Regulation by dimethylsulfoxide, insulin, and corticosteroids of hepatitis b virus replication in a transfected human hepatoma cell line

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Abstract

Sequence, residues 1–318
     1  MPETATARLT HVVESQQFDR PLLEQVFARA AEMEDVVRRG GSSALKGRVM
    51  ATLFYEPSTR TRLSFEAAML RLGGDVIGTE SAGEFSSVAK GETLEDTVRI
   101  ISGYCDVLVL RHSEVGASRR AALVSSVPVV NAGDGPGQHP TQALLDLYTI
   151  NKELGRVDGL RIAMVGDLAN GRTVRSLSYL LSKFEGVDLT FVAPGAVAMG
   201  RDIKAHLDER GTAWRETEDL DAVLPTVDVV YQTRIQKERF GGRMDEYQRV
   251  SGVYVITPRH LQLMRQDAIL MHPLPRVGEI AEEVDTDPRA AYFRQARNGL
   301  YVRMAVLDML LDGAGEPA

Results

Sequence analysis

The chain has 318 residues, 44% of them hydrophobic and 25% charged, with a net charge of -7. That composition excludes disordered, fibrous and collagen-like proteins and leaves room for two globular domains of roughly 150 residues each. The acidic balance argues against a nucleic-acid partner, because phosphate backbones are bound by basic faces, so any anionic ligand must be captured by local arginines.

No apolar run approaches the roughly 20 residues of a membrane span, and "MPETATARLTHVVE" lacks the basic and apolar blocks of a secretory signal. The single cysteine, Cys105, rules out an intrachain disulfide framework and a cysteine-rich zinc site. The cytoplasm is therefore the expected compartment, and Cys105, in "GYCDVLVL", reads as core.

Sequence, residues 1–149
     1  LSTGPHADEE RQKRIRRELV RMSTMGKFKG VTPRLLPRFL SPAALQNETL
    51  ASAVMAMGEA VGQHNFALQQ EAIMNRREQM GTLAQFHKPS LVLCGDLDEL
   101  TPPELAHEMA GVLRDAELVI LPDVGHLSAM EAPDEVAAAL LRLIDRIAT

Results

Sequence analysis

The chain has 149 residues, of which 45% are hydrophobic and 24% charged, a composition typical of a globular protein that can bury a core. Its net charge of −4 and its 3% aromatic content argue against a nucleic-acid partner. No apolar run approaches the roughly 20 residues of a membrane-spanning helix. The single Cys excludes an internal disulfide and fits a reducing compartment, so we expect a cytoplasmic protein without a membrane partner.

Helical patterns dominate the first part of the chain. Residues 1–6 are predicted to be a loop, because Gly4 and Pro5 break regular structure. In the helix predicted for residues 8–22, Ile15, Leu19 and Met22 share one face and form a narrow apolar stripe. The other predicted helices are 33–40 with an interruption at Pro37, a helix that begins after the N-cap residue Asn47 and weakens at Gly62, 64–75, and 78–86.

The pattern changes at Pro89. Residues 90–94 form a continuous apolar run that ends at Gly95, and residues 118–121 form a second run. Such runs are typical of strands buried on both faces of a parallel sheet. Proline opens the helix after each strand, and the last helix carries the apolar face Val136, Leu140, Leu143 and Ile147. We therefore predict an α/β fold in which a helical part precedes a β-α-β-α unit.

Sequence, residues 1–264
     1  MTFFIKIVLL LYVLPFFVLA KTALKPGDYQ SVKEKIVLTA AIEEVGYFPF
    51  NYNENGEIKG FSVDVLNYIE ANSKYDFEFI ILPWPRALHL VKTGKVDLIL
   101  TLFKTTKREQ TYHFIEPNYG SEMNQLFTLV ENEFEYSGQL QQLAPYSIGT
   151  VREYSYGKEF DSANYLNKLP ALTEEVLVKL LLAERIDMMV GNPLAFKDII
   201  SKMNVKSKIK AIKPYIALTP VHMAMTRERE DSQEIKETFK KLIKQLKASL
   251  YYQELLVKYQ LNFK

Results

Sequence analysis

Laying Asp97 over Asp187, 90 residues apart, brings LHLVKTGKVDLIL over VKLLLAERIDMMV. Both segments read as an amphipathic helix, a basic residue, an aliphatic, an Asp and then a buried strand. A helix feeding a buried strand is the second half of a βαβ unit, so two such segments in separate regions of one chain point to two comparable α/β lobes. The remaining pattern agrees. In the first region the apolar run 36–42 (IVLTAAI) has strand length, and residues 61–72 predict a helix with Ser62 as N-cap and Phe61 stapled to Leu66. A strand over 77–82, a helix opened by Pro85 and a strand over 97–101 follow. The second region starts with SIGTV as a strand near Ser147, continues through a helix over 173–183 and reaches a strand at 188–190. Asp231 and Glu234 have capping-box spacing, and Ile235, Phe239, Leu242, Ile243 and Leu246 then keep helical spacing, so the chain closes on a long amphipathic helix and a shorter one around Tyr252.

A human hepatoblastoma cell clone E4 was obtained by transfection of HepG2 cells with a plasmid DNA containing four tandem copies of hepatitis B virus (HBV) genome. Analysis of both intracellular and extracellular viral DNA revealed that this clone exhibited the main steps of the replication process previously found in normal hepatocyte primary cultures experimentally infected in vitro. Indeed, relaxed-circular, covalently closed circular, and single-stranded forms of viral DNA were identified in the cells together with complete virions and immature cores in the medium. Furthermore, the ability of these secreted particles to infect normal human hepatocyte cultures was established. These E4 cells were used to evaluate the effect of various soluble factors on HBV replication. Corticosteroids and, to a greater extent, dimethylsulfoxide (DMSO) increased intracellular viral DNA, whereas insulin reduced it dramatically. Parallel changes in the amounts of viral DNA secreted in the medium were observed. Measurement of the albumin secretion rate indicated that cellular and viral activities could be regulated, at least in part, in a coordinated manner.

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